A final public exhibition will be held giving a final chance to comment on plans to redevelop former Suffolk council offices into nearly 100 homes.

Developers ROSE Builders will be inviting visitors to discuss the plans for the former Suffolk Coastal District Council offices in Melton Hill, Woodbridge at the town's football club at Notcutts Park on Tuesday, March 26.

A series of exhibitions have already been held and feedback received at these events has been used to refine the design of the new homes, which are known as King's View.

READ MORE: Construction delayed on former Suffolk Coastal home

A spokesperson for ROSE said "various adjustments" had been carried out to the development's design, spanning from overall aesthetics and landscaping to layouts, fire regulations and parking considerations.

In December, ROSE revealed that the submission of plans had been delayed to allow for further changes to the design.

However, the spokesperson said a planning application was set to be submitted to East Suffolk Council following this final exhibition.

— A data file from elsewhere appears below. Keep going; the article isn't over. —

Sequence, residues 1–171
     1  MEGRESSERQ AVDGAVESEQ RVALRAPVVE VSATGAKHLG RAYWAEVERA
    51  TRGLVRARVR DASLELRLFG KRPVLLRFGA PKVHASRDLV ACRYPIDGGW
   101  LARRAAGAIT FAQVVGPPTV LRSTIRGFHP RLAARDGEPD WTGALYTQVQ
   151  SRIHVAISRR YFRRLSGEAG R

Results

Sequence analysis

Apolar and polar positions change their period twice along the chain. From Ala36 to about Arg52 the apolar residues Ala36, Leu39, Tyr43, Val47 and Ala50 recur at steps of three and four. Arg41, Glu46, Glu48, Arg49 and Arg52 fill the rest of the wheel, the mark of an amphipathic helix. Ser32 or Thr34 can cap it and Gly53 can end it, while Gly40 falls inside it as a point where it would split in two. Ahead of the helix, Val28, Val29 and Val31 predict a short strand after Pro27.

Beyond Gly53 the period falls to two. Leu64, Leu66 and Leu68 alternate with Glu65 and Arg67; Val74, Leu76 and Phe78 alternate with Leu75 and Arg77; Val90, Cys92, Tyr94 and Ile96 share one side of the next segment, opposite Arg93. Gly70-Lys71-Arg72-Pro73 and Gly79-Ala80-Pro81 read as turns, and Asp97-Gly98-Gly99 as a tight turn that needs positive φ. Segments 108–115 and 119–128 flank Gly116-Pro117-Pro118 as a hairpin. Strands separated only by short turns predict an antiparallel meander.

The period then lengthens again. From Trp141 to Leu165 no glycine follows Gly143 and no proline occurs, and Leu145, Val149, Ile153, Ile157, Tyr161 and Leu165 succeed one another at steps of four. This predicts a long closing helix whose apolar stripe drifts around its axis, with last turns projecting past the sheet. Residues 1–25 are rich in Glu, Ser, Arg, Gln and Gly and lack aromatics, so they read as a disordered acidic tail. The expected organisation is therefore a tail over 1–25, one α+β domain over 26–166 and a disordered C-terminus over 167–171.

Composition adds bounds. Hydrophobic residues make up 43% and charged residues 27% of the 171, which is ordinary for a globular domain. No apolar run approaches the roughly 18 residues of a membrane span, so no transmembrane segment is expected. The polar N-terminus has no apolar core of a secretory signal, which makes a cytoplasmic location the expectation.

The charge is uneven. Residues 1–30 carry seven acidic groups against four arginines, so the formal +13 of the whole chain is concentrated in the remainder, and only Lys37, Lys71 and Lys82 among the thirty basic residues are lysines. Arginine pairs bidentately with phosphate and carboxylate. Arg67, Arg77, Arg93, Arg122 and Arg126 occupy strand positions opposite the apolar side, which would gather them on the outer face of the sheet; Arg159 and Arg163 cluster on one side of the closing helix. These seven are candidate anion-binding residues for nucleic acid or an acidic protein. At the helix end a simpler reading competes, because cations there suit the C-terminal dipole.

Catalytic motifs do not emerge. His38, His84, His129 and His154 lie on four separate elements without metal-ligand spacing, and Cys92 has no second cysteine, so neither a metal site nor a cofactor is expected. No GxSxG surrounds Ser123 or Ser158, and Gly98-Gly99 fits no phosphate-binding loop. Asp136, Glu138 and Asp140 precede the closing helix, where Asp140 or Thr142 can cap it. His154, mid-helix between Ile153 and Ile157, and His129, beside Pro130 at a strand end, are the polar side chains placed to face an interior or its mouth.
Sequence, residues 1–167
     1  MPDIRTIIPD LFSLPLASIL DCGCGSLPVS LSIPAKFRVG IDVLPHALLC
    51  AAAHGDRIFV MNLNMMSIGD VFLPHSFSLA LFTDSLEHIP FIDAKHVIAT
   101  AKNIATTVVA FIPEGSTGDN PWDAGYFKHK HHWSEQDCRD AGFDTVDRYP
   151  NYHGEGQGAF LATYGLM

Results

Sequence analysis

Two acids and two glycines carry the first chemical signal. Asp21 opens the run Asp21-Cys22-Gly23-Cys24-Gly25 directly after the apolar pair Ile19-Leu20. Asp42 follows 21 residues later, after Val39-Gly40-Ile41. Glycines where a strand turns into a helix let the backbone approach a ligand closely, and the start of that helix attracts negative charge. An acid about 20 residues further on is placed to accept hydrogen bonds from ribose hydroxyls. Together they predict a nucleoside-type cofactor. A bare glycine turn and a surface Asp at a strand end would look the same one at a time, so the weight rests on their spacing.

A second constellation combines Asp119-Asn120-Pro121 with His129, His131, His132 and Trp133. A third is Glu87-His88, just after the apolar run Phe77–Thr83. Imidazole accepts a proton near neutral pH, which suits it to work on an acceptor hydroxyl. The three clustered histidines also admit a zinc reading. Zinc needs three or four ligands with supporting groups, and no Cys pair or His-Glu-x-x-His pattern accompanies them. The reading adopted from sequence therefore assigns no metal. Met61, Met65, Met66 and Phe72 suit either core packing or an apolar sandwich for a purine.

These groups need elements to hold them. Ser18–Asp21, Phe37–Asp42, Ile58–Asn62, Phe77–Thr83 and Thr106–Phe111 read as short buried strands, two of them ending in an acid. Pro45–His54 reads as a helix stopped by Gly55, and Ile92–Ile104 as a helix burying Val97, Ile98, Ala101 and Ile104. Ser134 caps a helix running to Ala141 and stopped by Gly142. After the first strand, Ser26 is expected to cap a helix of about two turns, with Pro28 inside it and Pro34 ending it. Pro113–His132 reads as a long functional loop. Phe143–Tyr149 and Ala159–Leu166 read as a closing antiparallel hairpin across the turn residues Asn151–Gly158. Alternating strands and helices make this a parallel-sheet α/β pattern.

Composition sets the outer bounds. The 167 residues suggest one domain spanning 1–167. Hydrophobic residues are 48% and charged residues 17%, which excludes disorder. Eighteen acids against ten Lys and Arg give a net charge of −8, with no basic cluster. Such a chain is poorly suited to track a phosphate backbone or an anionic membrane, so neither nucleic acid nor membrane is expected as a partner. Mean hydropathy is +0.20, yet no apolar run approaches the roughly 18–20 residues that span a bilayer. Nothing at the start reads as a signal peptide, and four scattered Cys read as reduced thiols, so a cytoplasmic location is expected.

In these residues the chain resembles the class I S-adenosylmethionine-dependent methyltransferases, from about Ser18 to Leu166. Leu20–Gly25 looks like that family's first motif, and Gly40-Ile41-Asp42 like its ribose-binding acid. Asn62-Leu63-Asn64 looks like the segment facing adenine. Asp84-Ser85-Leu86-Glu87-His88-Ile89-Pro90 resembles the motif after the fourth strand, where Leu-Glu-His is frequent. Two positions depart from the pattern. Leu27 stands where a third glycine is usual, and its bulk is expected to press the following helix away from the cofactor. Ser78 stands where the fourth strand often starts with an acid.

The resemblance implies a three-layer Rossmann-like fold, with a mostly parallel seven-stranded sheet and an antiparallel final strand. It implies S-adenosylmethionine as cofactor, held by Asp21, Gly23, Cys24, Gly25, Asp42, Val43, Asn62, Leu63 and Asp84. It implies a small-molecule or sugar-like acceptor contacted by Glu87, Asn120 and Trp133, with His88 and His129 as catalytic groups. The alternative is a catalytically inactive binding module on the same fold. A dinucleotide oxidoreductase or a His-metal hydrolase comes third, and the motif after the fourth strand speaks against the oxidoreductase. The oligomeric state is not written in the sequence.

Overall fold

READ MORE: Homes design is unveiled for controversial Suffolk 'cheese wedges' site

East Anglian Daily Times: The former Suffolk Coastal District Council office which stood derelict after the council moved to Riduna ParkThe former Suffolk Coastal District Council office which stood derelict after the council moved to Riduna Park (Image: Archant)He added: "Since our previous exhibitions, we have been making further adjustments to our project designs.

"This incorporates feedback from our engineers, architects and local residents.

"We have also discussed the designs with the council to get their technical and architectural advice on the drawings."

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In August, the first phase of demolition work was completed to remove the old offices, which the council vacated in 2016 to move to its current home at East Suffolk House on Riduna Park in Melton, where it is now known as East Suffolk Council.

Building work on the homes had been due to start last spring, but as yet no bricks have been laid.

The plans envisage 98 properties, including 29 one-bed apartments, 39 two-bed apartments and 22 three-bed apartments, along with five family houses and two duplex homes.

Previous plans for the site by developer Active Urban had caused controversy after being likened to ‘cheese wedges’ because of their design and had attracted more than 200 objections.